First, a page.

The map is also marked with the words “TOP SECRET – BIGOT.” BIGOT was a security classification used in World War II to designate security at the highest levels, even higher than “TOP SECRET.” It was an acronym: British Invasion of German Occupied Territory, selected by Prime Minister Winston Churchill prior to American entry into World War II. A select group of people, anyone with working knowledge of the D-Day planning for Operation OVERLORD, had to have Top Secret – Bigot clearance.

Directly north of the words “EASY RED,” on the bottom left hand section of the map, shows the location of the beach obstacles to the left of causeway no. 2. Prior to the main landings at Normandy thousands of beach obstacles had to be cleared. Naval Combat Demolition Units (NCDUs) were paired with Army combat engineer units to form Gap Assault Teams (GAT) to clear Utah and Omaha beaches in the initial minutes of the D-Day landings. Ensign Karnowski, CEC, commander of NCDU 45, and his core team of five (including two Seabees) landed on Omaha Beach at sector EASY RED at 0625 hours. The team successfully blew 50 and 100-yard gaps in the obstacles, the only ones on the eastern half of Omaha Beach. These enabled members of the First Infantry Division to assault the bluffs overlooking EASY RED. As the battle progressed, this became the principal egress from Omaha Beach on D-Day.

Ensign Karnowski his core team from NCDU 45.

Ensign Karnowski his core team from NCDU 45.

The Seabees also built offshore cargo and docking facilities, piers, and breakwaters. These were constructed out of old cargo ships, special prefabricated concrete structures that were floated over from England, and the ubiquitous steel pontoons. The huge port area that was formed out of this odd combination of materials became known as Mulberry A. Even after the artificial harbor was partially destroyed in a severe storm, the Seabees landed hundreds of thousands of tons of war material daily. In addition to these massive amounts of supplies, by July 4, only 28 days after D-day, they had helped land more than a million Allied fighting men.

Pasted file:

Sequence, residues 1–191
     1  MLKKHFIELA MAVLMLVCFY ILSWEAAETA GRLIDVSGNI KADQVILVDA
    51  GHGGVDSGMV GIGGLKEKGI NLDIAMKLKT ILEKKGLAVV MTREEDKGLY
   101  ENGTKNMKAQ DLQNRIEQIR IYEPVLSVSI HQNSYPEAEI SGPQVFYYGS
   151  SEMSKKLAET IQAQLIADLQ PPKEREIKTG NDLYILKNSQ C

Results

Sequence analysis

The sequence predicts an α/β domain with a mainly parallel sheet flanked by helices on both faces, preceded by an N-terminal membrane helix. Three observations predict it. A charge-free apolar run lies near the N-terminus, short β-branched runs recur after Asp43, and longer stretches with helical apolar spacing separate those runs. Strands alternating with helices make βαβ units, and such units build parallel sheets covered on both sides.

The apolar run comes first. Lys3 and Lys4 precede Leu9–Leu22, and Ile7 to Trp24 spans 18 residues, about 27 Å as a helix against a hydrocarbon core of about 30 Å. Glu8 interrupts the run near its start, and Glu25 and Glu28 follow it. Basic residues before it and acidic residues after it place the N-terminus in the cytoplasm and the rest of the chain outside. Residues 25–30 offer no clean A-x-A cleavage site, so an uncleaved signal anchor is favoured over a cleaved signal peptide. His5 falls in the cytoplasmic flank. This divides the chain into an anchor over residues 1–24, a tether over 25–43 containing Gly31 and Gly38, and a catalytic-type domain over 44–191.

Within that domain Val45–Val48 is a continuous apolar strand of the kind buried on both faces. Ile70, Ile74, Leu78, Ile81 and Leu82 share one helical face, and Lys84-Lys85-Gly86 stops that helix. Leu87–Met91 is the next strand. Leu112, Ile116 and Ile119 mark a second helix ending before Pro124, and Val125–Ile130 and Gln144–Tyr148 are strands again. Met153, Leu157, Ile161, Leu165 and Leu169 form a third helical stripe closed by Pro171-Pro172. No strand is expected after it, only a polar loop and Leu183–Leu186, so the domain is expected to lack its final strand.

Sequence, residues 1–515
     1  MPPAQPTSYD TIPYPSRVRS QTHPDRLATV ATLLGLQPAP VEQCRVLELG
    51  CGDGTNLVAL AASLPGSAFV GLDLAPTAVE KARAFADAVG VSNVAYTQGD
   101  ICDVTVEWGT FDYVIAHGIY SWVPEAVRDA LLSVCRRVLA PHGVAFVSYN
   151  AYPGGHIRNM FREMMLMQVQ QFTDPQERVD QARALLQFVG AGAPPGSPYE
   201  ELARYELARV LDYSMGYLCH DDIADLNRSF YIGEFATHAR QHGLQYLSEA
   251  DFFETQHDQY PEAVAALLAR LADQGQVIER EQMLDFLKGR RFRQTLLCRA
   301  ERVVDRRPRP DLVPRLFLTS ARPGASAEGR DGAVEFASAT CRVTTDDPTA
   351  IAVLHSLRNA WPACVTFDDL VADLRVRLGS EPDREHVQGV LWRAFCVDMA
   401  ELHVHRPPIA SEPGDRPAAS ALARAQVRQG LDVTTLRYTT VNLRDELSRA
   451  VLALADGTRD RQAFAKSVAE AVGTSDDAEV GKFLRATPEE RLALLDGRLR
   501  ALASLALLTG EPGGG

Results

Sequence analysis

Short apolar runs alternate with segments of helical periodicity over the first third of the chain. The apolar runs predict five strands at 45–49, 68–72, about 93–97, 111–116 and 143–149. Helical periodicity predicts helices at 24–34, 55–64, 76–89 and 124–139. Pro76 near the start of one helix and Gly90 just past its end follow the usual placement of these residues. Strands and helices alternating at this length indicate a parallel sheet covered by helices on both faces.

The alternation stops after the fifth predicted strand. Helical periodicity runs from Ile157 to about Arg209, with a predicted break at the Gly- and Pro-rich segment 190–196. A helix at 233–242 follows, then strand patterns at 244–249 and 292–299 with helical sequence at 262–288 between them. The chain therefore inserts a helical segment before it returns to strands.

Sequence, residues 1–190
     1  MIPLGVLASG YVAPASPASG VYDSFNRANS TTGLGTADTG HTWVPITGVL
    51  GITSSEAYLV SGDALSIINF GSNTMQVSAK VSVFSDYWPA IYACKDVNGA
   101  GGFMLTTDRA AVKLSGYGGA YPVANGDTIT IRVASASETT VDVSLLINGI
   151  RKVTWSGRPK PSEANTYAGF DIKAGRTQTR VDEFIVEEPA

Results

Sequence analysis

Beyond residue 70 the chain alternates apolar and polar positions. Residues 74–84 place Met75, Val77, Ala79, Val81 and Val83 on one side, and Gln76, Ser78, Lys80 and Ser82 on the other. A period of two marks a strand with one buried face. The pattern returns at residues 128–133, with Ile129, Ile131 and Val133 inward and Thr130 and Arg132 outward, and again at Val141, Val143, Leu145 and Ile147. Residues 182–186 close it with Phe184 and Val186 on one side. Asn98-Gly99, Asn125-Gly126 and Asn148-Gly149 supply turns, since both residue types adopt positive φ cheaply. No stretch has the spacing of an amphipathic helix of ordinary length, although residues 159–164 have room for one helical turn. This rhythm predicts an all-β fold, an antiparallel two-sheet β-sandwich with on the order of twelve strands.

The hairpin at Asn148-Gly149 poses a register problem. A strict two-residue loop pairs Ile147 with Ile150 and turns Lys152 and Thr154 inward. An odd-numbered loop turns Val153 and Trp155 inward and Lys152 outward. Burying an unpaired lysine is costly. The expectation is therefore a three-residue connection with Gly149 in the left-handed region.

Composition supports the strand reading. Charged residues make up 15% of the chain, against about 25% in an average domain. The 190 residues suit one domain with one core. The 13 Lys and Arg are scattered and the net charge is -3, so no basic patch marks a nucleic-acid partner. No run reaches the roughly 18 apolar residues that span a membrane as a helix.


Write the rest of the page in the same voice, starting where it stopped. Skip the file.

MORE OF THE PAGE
Rhino Ferry on Normandy beach

A Rhino ferry being unloaded of its cargo on a Normandy beach, June 1944.

Come see the unique map yourself at the U.S. Navy Seabee Museum and discover what other secrets it holds!

For more information please check out the Seabee History page on the Naval History and Heritage Command website located here


Ingi Face

Archivist: Ingi House

Meet the Archivist: Ingi House Ingi House is originally from Kansas where she got her B.A. in history from the University of Kansas and M.L.S. from Emporia State University. After working for the Dole Institute of Politics she moved to the East Coast. In Washington D.C. she worked at the National Archives and Records Administration and then at the Defense Acquisition University where she became a Certified Archivist. Her continued enjoyment of military history led her to switching coasts and coming to work for the Seabee Museum where she is collection manager for the archives and records manager liaison.